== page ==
Red Bandits of Mawddwy

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It is said the bandits used to hide near Bwlch Oerddrws to attack travellers for plunder.
Brigands Inn, Mallwyd

The Red Bandits of Mawddwy (Welsh: Gwylliaid Cochion Mawddwy) were a band of red-haired robbers, highwaymen or footpads from the area of Mawddwy in Mid Wales in the 16th century, who became famous in folk literature.

The area of Mawddwy was a territory where there were then great difficulties in preserving the law, since it was situated on the boundary between the Welsh Marches and Meirionnydd. The only certain historical knowledge about the bandits is that they murdered the Sheriff of Meirionnydd, the Baron Lewis ap Owen, of Cwrt Plas-yn-dre, Dolgellau on 12 October 1555. The attack was carried out by a group of bandits in Dugoed Mawddwy, near Dinas Mawddwy. Several of the bandits were hanged for the murder, and there are laments for the Baron by a number of poets, including Gruffudd Hiraethog. In the subsequent court case it was alleged that John Goch, or John Goch ap Gruffudd ap Huw, was the man who struck the fatal blow.

Other information about the bandits comes from sources such as Thomas Pennant, who related the history with the chronicle of his visit to Dinas Mawddwy in about 1770. There is no certainty whether this part of the story is history or fable. According to Pennant the Sheriff had arrested a number of the bandits and was about to hang them; in their midst two sons of Lowri, daughter of Gruffudd Llwyd. One of these was very young, and Lowri implored the Baron to have mercy on the youngest, but Lewis Owen refused to listen, and hanged the two together with more than eighty other bandits. Pennant said that Lowri threatened vengeance on the sheriff:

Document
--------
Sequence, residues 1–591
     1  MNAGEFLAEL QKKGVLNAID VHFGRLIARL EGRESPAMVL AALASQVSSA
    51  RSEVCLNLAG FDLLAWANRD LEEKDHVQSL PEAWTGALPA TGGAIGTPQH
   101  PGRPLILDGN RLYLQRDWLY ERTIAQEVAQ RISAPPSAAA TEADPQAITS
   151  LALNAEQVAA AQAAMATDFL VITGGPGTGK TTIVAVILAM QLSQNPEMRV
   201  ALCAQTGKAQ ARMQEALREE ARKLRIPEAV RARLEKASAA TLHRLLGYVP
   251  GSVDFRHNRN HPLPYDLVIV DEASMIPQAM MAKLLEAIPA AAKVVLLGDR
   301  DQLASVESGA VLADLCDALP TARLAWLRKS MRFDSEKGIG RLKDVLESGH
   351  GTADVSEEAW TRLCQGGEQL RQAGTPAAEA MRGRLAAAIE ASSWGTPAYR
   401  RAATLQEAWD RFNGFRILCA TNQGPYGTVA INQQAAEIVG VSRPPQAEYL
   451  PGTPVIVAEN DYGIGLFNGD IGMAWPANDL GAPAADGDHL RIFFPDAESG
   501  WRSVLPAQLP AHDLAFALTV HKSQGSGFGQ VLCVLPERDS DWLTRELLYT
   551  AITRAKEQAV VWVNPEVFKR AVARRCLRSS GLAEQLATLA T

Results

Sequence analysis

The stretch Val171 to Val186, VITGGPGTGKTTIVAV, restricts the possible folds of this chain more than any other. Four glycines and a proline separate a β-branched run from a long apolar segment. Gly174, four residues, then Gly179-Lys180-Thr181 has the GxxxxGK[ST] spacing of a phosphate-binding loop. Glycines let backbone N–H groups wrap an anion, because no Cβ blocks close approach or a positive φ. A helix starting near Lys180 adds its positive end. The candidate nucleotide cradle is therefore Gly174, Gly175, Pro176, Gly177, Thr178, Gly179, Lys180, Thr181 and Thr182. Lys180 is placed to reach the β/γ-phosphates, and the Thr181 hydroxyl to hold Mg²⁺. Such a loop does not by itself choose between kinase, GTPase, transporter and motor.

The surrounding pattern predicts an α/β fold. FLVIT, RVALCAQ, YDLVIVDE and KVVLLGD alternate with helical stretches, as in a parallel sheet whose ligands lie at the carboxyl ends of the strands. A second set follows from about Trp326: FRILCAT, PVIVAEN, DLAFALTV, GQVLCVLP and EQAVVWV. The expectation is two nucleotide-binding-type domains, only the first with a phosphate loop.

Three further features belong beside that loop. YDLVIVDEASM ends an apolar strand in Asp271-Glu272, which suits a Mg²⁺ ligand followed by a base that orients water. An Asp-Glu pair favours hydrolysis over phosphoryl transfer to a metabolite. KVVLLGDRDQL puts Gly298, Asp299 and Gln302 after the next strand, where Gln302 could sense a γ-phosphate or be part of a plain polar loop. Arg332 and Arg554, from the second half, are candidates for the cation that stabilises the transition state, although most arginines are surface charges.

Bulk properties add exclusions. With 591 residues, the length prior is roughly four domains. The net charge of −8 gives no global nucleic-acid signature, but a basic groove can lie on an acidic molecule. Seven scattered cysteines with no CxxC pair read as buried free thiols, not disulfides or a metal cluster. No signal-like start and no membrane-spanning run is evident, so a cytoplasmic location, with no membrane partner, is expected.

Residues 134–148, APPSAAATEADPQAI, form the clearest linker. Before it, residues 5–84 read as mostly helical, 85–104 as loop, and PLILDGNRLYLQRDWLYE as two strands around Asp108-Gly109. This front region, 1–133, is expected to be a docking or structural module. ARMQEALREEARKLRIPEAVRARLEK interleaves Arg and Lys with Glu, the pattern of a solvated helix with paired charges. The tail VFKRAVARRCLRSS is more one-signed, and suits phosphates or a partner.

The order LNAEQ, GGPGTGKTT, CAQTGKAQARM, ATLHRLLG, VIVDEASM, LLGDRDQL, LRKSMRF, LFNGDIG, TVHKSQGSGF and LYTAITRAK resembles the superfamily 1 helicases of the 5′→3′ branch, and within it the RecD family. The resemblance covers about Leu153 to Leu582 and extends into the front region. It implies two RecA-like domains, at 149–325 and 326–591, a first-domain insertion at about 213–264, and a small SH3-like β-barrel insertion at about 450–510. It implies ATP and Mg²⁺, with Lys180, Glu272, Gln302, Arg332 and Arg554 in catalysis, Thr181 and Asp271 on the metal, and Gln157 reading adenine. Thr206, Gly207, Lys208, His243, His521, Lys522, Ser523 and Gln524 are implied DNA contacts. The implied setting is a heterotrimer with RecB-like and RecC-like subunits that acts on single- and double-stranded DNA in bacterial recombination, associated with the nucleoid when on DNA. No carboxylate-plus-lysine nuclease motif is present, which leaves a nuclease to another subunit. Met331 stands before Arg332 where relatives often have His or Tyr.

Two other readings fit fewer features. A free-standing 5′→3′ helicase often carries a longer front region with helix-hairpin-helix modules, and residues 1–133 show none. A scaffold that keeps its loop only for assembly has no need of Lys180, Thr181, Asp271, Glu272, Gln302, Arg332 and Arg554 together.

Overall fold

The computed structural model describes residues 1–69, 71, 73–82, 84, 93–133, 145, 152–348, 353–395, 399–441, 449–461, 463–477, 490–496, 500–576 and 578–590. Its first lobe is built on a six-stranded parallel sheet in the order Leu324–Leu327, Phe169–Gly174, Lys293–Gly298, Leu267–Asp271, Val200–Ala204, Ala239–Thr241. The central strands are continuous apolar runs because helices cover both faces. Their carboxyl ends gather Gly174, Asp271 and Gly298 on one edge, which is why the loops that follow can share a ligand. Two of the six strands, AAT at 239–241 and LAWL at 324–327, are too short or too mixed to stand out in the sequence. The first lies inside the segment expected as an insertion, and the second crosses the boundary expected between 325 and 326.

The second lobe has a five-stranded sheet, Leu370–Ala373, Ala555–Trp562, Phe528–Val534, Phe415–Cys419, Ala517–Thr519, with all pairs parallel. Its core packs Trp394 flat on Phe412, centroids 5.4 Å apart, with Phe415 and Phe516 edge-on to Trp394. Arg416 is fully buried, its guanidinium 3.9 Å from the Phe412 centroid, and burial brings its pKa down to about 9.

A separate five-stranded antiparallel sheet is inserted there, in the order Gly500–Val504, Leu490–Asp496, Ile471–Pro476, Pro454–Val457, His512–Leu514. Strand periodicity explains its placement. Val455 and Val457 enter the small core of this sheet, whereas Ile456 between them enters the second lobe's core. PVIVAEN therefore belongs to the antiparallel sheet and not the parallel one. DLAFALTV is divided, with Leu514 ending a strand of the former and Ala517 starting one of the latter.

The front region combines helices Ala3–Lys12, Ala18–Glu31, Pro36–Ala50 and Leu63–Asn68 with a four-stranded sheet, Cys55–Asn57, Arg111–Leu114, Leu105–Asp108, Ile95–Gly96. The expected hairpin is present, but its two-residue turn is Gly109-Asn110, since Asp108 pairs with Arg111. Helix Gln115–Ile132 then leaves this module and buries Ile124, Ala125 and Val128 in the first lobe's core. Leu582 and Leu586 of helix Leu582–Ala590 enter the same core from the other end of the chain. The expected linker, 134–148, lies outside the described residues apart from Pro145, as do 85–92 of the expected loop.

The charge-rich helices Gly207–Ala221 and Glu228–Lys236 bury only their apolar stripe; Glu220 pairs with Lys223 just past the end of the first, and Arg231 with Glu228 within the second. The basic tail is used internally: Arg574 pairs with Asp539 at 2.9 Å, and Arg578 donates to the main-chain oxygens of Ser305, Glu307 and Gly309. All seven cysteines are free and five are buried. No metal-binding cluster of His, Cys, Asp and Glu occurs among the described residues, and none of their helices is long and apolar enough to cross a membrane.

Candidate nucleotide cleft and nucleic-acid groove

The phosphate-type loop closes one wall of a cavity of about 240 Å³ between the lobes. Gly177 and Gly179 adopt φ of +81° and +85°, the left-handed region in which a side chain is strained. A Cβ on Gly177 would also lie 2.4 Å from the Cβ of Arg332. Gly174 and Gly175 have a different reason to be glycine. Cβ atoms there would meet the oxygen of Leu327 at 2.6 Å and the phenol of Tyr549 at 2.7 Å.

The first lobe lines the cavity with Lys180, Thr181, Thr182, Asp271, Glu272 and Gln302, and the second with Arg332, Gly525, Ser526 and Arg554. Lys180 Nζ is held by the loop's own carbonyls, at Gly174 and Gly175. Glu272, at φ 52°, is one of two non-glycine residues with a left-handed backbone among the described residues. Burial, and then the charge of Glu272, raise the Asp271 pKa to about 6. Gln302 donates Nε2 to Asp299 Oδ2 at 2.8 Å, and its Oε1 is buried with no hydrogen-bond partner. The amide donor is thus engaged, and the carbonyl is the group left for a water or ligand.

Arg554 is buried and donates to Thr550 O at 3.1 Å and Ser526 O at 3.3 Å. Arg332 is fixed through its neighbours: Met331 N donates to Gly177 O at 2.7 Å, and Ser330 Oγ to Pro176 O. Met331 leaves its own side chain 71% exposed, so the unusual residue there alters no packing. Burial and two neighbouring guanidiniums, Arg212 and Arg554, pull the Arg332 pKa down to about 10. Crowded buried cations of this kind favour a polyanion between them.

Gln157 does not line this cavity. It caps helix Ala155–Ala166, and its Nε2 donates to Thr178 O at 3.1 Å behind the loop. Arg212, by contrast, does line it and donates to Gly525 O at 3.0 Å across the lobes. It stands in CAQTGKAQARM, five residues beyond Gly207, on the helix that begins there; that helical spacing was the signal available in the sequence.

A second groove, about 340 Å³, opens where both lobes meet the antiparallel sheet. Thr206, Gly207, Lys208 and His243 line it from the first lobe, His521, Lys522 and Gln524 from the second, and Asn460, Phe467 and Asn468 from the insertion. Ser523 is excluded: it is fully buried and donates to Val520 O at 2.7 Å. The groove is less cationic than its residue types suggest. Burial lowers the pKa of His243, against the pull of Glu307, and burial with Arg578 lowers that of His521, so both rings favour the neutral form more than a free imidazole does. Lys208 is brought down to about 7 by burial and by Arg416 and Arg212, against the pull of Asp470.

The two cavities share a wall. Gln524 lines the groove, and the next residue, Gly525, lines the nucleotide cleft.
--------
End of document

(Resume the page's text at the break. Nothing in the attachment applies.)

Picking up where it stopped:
... the mother, in a rage, told him (baring her neck) these yellow breasts have given suck to those who shall wash their hands in your blood.[citation needed]

Lowri daughter of Gruffudd Llwyd was named in the court case in Sesiwn Fawr, Bala, in 1558 following the murder, but she was described as a spinster. In an attempt to save herself from the gallows, she declared that she was pregnant. This was confirmed by a jury of married women. The memory remains about the bandits in a number of placenames in the area, for example Llety'r Gwylliaid (bandits lodging) and Llety'r Lladron (robbers lodging) near Bwlch Oerddrws. The pub in Mallwyd is named Brigands Inn.

In 1936 and 1938 locals dressed up and re-enacted tales of the bandits on film. The second of these films was in colour and is believed to have been the first ever colour film produced in Wales.

Bibliography[edit]

  • J. Gwynfor Jones Gwylliad Cochion Mawddwy (Darlith Glyndŵr) 1994.